Business leaders are fearing a rise in employee litigation after COVID-19 restrictions end and employees are asked to come back to offices – with a third of workers (32%) not having been back to their workplace since the pandemic began.
  • One in three office employees haven’t been back to the workplace since March 2020
    UK business leaders cite high concerns about the risk of employee litigation in coming months, driven by changing working patterns as employees are asked to return to the workplace
  • A third of office employees (32%) haven’t been in the workplace at all since March 2020
  • Many business owners (25%) say they are uncertain that they can demand employees return, with a similar number (23%) reporting that their employees contracts don’t stipulate they need to work from a specific location

Research by Gallagher amongst 1000 business leaders and 1000 UK office employees, found that most businesses are suggesting that workers should be in the office full-time (40%) now or in the near future or a minimum of part-time (39%), as they implement a hybrid model.

However, a third of business leaders (32%) say they are meeting resistance from their employees towards returning to the workplace even part-time. With one in four (25%) businesses uncertain if they can insist their employees return, business leaders fear an impending wave of complaints and potential litigation from their teams, who claim they are just as effective when working from home.

Overall, almost half of business leaders (44%) report that employee litigation in the year ahead is a major risk to their business, with complaints due to asking employees to come back into the workplace post COVID-19 (37%) the top concern. This is followed by other potentially sensitive topics related to the pandemic including complaints due to mandating that employees are vaccinated (31%), or because leaders are challenging workers who say they need to self-isolate but aren’t being truthful (31%).

While many companies will have the law on their side as their contracts will state a place of employment, just under a quarter (23%) report that their contracts don’t stipulate that employees need to work from a specific location, while a further 9% don’t know if they do. Meanwhile, one in eight (12%) businesses are reluctant to enforce contracts and risk damaging employee morale.

Some companies have already taken a firm stance, with 19% of businesses saying they have terminated an employee’s contract due to a refusal to come into the workplace, while a further fifth (20%) have threatened to do so. With more conflict on the horizon, a further 18% expect they will need to issue demands to their workers to get employees back into office.

Employers have a number of reasons for making the effort to get staff back into the workplace. Chief among the motivational factors is the feeling that workplace culture suffers with home working (31%). Businesses also remain split over whether they operate equally well (29%) or less efficiently (26%) with employees working from home.

In terms of litigation, employers also expressed concerns about a knock-on effect due to the legacy impact of COVID-19 on the labour market. Most business leaders (58%) say they are worried about how they resource their workload due to staff turnover and sickness levels – which explains why 20% expect complaints or litigation related to stress due to overwork or pressure.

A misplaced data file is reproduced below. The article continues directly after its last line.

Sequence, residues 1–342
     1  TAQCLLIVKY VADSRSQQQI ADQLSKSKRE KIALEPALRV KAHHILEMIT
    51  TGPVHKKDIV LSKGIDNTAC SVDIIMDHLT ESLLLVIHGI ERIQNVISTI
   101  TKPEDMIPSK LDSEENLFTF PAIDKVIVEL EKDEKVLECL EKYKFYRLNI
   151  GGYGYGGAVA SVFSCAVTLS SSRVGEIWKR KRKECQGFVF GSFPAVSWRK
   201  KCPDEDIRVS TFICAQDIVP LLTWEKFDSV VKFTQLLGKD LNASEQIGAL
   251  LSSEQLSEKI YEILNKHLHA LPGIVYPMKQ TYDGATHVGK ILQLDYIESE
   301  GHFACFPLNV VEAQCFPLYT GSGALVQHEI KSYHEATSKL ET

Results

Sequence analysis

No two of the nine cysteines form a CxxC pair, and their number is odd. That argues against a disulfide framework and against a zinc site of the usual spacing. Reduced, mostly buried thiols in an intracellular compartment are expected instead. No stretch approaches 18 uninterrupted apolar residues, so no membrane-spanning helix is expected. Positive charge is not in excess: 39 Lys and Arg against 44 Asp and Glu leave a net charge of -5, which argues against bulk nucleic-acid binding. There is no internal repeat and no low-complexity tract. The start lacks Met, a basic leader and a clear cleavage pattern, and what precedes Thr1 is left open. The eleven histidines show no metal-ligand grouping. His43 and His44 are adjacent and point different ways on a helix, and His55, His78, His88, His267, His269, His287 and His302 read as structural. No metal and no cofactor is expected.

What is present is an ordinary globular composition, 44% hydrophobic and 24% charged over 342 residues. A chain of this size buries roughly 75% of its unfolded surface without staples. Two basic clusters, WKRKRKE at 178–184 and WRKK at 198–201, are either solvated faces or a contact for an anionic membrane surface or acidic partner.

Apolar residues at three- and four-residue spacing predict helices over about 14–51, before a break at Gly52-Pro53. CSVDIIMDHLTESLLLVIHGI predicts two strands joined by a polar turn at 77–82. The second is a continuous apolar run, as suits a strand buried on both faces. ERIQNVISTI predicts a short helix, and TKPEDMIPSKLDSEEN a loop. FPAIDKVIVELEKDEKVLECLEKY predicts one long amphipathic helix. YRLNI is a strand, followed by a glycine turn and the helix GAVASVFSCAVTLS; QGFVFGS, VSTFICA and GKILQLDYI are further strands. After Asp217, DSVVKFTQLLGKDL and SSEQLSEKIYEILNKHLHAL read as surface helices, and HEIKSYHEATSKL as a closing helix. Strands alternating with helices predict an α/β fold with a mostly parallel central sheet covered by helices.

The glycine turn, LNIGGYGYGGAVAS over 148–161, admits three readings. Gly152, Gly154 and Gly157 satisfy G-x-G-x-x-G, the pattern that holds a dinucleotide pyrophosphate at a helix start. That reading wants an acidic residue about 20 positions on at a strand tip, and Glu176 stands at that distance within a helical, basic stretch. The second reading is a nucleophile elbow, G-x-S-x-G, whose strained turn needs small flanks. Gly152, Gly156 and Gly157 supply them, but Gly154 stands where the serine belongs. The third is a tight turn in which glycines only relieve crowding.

Commenting on the findings, Neil Hodgson, Managing Director of Risk Management at Gallagher, said: “The return to workplaces is a complicated task for senior leaders at UK businesses. Keeping everyone happy can be challenging, and while some employees feel that they have no need to be in the office, there is an awareness that leadership needs to implement policies consistently. But many businesses remain uncertain just how far they can legally mandate the return to workplaces – leading to concerns about litigation and complaints.

“Even when businesses are sure they are on safe ground with enforcing the return to workplaces, there is always the risk that attempts will be made to fight the decision. The fact is that employee litigation has been on the rise for some time and disagreements as a result of COVID-19 are likely to further exacerbate the issue. No company is immune to it and the costs of defending employee claims can devastate a business. Unfortunately legal fees may need to be paid even if the claim is unsuccessful, which is why it is important to have insurance in place that will cover these costs.

“Businesses should speak to their broker about employee practice liability insurance that will cover costs as a result of certain legal disputes with employees. When a company’s workers claim their legal rights as employees have been violated, this can protect against resulting litigation, including claims of discrimination and wrongful termination. Furthermore businesses can potentially head off any claims by speaking to an insurance broker who can provide risk management advice to guard against any potential claims and mitigate any possible employee concerns about returning to the office.”